Bulgaria seems an unlikely country to deserve the world’s gratitude. But it appears we can thank the alertness and professionalism of the Bulgarian customs authorities for saving us — and not for the first time — from the consequences of the incredible, almost treasonous, ineptitude, dysfunctionalism and general lack of joined-up-thinking that appears to pervade every aspect of the governance of New Labour’s Britain.
Bulgarian border guards recently seized a British truck carrying radioactive material — to the Iranian military — that could have been used to make a “dirty” nuclear bomb.
Smuggling? Not a bit of it! The material was being sent to Mr. Ahmadinejad quite legally and with the blessing of the British government.
After a scanner showed it had radiation levels 200 times normal, the truck was found to be carrying ten lead-lined boxes addressed to the Iraqi Ministry of Defense. Inside each was a soil-testing device containing radioactive caesium 137 and americum-beryllium. (Soil-testing is usually the province of agriculture, not defense, ministries.)
The head of the Bulgarian Nuclear Regulatory Agency (who knew until now that Bulgaria had a Nuclear Regulatory Agency?), Nikolai Todorov, said he was shocked that devices containing so much nuclear material could be sold so easily: “The devices are highly radioactive — if you had another 90 of them you would be able to make an effective dirty bomb.” That meant if nine similar loads got through.
According to the Daily Mail, Bulgarian customs official confirmed: “The documentation listed the shipment as destined for the Ministry of Transport in Tehran, although the final delivery address was the Iranian Ministry of Defence.”
Radioactive material going to the Iranian Ministry of Defense? Could there possible be something a little, er, suspicious about this? Dr. Frank Barnaby of the Oxford Research Group (a well-credentialed think tank) said: “You would need a few of these devices to harvest material for a dirty bomb. Americum-beryllium is an extremely effective element for the construction of a dirty bomb as it has a very long half-life….It is found mainly in spent reactor-fuel elements and it is not at all easy to get hold of. I find it hard to believe it is so easily available …”
British Labour MP Andrew MacKinlay, a member of the Foreign Affairs Select Committee, said: “The Prime Minister has accused the Iranian Government of sponsoring International terrorism, yet his officials are doing nothing to prevent radioactive material which has an obvious dual use being sold to their military.” MacKinlay, interestingly, was subsequently attacked by the Iranian Islamic Republic News Agency as having allegedly expressed support for a terrorist group.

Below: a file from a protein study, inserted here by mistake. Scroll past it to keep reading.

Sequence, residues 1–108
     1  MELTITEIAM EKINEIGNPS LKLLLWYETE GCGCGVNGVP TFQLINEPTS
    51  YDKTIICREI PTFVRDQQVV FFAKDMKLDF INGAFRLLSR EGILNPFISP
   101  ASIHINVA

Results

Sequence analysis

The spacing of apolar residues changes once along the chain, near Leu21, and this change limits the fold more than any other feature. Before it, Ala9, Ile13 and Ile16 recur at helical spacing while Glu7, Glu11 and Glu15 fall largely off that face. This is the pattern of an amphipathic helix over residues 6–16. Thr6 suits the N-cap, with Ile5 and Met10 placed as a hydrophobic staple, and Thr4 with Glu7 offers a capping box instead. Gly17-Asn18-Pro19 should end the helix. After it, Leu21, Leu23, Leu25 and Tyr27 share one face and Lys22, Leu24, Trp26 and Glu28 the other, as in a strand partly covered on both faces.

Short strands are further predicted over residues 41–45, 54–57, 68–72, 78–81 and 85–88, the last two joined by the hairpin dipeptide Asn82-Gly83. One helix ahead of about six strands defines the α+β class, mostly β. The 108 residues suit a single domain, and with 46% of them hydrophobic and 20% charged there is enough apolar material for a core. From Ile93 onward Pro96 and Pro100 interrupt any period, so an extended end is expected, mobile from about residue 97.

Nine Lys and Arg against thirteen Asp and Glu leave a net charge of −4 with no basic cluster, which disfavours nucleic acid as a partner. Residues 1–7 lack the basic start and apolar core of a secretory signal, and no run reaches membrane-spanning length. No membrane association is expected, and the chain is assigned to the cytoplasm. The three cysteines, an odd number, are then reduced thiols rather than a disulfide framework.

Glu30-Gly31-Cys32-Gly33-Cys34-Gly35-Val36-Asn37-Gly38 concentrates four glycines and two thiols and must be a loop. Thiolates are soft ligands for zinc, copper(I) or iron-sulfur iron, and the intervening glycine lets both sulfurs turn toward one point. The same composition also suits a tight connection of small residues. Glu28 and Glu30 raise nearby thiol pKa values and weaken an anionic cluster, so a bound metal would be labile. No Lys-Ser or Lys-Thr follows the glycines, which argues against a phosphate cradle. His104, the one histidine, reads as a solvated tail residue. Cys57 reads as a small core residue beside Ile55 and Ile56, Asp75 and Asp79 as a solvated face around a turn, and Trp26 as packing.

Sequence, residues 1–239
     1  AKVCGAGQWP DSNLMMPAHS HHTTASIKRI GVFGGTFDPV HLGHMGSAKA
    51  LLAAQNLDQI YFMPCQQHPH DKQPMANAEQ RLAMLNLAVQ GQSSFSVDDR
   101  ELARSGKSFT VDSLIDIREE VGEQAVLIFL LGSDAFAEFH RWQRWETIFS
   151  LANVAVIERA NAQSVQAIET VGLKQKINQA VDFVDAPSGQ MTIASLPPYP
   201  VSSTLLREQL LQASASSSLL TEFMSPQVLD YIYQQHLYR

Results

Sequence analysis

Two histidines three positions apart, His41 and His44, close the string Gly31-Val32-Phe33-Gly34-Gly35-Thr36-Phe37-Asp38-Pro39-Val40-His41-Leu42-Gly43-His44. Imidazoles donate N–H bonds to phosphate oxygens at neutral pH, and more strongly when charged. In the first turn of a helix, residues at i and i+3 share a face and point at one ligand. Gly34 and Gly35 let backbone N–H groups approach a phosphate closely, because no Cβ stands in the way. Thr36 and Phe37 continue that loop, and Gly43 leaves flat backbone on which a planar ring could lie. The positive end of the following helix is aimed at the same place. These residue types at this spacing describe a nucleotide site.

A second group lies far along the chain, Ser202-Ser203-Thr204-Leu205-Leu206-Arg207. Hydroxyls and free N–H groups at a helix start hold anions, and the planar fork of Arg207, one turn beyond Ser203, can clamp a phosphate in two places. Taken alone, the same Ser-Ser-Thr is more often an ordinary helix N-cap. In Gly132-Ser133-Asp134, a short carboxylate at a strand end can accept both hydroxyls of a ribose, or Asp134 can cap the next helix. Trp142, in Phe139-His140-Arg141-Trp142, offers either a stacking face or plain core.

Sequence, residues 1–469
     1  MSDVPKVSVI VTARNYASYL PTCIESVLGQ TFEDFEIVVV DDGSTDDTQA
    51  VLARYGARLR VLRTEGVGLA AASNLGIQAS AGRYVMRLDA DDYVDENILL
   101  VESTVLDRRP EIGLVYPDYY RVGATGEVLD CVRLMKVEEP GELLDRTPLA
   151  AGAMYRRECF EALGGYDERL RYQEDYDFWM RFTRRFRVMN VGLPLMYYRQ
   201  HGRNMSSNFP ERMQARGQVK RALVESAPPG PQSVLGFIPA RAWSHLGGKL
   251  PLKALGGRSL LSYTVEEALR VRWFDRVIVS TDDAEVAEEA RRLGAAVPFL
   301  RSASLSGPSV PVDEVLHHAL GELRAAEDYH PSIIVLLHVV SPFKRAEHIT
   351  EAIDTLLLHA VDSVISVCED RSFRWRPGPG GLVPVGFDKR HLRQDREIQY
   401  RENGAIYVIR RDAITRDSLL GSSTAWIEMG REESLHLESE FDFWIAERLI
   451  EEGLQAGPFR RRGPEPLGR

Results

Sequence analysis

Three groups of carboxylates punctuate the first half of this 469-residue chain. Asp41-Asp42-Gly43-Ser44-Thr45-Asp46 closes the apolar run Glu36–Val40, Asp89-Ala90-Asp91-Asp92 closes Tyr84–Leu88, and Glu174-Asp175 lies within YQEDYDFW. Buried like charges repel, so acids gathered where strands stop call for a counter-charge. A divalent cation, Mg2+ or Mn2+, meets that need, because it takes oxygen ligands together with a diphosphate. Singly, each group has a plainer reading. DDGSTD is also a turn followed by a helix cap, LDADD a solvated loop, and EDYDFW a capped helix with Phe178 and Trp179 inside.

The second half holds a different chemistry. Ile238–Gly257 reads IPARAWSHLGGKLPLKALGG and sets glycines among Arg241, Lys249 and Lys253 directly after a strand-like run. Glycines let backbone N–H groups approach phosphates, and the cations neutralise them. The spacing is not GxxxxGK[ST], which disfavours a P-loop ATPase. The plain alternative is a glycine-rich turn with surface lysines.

If this was a one-off incident, it would be a bad enough indictment of the present British Government. In fact it is only the latest of a series.
On August 31, 2005, a truck carrying 1,000 kg of zirconium silicate was stopped by Bulgarian authorities at the border with Turkey. The Bulgarians, detecting unusual radioactivity levels, discovered the truck was owned by a British firm, and alerted the British Embassy, which informed London on September 7. Although the trade in zirconium is meant to be tightly controlled, the truck had traveled through Britain, Germany and Romania without being stopped. The British authorities maintained there was nothing illegal about the shipment, and it was eventually allowed to proceed.
John Large, an independent nuclear consultant, said: “It is not a very sophisticated process to extract the zirconium from such material. Even though this cargo does not fall within international control, I would still be concerned. Zirconium is used for two purposes: for cladding nuclear fuel rods inside a reactor and as material for a nuclear weapon.”
Questions were asked by MacKinlay (why the Tories apparently failed yet again to challenge Labour here is unknown) under the Freedom of Information legislation in January 2006. A gobbledygook answer from the government included the information that zirconium silicate did not require an export license but “may be controlled under the UK Weapons of Mass Destruction programme end-use control, which is assessed on a case by case basis.” Mr. MacKinley then asked what definition of “end-user” and “expected end-user” the government used and received the answer that:
While there is no written definition of end-user or end-use information, the end-user is the entity for which the goods are ultimately destined, and the end-use is the use to which the goods will be put. Applicants are required to declare that the contents of their application and the supporting documentation are, to the best of their knowledge, accurate.
With that informative and reassuring reply Mr. MacKinley had to be content.
The bottom line was that a British firm had been allowed to sell highly-dangerous radioactive material to Iran without scrutiny by the British authorities, and then within a few months something very similar happened again, either in bizarre obeisance to some bureaucratic legalism (“it’s not on the list”), or because no one cared. Of course, lethal respect for legalisms of this sort has some tradition behind it: during the Zulu War, a large British force was wiped out when attacked because the quartermasters would not issue ammunition without forms.
Previously, in May 1999, Bulgarian customs officers trained by U.S. Customs and Border Protection discovered highly-enriched Uranium U-235 concealed in an air-compressor in the trunk of a car at a border-crossing checkpoint. It was believed this was a sample to show prospective buyers.
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